Assembled Chaos

Working together to accelerate innovation in the life sciences

Building trust in a consortium project is not about being nice



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Photo by NeONBRAND on Unsplash

What do flight crews and research consortia have in common?

They are both made up of teams that have to trust one another. Although the consequences of a low trust environment in a plane are a bit more severe. 

Can you build trust when you do not talk with each other?

Can you build trust when you do not make an effort to listen and understand the perspective of others?

Can you build trust when you avoid areas of tension or conflict?

The answer to all of these is obviously, no.

Don't be nice

While it is clear talking and listening are necessary, it's easy to avoid areas of tension or conflict. When you are working in a consortium, and you really want it to work, you may make an extra effort to be nice.

You might think that avoiding conflict and tension will help to build trust, but the opposite is true.

I can honestly say that I have never seen a situation where an honest and open dialogue about tension or conflict led to a deterioration of the collaboration.

It is always the opposite.

The collaboration improves.

Even though it is not being said, you know when someone is holding something back. Their lack of transparency degrades your trust.

The motives you imagine behind someone's behaviour are almost always worse than what they are in reality. When you really know someone's motivation, it is much easier to trust them.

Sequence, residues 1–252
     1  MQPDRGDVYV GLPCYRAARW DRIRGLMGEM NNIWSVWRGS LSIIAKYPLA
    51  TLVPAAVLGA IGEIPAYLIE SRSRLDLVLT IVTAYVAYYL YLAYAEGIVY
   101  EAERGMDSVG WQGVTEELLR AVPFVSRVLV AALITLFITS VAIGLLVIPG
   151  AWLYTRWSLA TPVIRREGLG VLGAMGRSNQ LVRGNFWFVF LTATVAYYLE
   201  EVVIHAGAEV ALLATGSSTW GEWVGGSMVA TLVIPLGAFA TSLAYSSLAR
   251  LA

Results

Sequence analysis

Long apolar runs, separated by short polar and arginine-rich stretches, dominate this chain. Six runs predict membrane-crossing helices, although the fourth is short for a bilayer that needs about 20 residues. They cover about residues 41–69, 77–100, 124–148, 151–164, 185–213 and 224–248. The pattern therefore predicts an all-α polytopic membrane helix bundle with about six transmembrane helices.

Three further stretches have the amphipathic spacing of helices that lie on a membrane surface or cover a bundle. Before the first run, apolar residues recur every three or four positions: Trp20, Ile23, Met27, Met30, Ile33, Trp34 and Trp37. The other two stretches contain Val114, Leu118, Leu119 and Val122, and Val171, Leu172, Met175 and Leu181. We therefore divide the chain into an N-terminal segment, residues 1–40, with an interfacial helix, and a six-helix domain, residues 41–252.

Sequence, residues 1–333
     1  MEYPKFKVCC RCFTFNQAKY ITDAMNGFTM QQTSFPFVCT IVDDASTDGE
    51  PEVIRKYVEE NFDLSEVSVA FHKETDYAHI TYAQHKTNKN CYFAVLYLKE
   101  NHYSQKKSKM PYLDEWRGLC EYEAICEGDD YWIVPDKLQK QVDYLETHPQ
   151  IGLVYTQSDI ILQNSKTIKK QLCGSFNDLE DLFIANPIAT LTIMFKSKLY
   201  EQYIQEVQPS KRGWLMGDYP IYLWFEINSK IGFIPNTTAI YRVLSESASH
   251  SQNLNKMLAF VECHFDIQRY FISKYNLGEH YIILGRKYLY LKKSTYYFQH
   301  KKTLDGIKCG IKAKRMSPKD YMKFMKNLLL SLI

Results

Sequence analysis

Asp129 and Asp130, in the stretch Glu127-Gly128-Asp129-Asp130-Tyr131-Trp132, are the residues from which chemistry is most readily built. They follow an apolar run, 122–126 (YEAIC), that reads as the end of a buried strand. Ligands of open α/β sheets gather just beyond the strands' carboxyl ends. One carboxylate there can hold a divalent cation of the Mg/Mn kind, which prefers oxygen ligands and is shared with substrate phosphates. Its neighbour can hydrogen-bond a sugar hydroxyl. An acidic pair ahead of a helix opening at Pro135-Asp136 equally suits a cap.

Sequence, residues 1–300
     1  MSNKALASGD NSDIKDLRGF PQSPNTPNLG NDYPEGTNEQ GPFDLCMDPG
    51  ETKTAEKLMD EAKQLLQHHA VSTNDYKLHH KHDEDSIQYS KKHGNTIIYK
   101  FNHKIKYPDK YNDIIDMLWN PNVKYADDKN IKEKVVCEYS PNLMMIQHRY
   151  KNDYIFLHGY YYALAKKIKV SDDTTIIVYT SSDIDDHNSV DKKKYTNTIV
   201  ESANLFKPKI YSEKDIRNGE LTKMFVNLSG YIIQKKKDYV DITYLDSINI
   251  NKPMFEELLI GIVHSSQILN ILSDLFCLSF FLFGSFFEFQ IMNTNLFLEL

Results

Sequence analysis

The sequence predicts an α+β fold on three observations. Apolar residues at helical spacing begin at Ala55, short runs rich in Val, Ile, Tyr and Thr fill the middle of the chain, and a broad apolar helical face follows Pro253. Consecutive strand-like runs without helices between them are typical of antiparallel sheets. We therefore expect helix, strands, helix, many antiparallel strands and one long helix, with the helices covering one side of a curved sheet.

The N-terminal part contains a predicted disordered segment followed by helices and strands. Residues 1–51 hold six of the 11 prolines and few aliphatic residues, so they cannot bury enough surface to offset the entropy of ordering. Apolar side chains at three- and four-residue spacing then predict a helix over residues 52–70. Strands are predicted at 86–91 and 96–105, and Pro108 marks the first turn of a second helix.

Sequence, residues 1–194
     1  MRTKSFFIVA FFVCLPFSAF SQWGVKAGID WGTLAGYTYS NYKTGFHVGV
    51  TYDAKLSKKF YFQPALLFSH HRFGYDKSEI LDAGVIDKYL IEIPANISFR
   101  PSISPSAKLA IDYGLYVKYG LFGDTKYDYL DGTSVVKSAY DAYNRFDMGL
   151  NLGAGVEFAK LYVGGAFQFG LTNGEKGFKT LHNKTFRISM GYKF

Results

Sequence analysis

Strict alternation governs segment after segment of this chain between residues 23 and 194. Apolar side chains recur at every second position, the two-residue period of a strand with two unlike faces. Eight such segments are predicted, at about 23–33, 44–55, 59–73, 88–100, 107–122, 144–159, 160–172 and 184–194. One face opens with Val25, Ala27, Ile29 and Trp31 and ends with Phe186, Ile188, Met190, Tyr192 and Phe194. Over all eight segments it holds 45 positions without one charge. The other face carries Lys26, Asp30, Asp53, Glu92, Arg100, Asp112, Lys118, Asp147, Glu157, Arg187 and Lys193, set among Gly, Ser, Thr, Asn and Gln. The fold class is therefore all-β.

Tensions and conflicts are opportunities to uncover everyone's real motives.

As long as you are genuinely open to understanding the perspectives of others, having a dialogue about the tensions or conflicts that are taking place can only build trust, not degrade it.

When you are working in a consortium project trying to accomplish an ambitious goal, you need to trust those you are working with.

Trust is the framework for collaboration.

Malcolm Gladwell in his book Outliers points out that one the reasons that the number of airline crashes has decreased is the realisation that mitigating language can markedly diminish the benefits of having more than one person flying a plane. 

Mitigating language is when you are less direct in your communication because you are afraid of offending someone. 

"Would you be willing to..." instead of "I want you to do this." 

Mitigating language is too open to interpretation. The communication becomes less clear. 

Gladwell describes some chilling accounts where the use of mitigating language resulted in misunderstandings that resulted in catastrophic crashes of perfectly functioning airplanes. 

It is not just emergency situations that clear communications matter. They matter anytime you want to build trust. Trust is the framework of collaboration. 

So, when you find yourself avoiding a conflict in a consortium meeting, remember that counterintuitive way to build trust is to turn towards on tensions and have difficult conversations.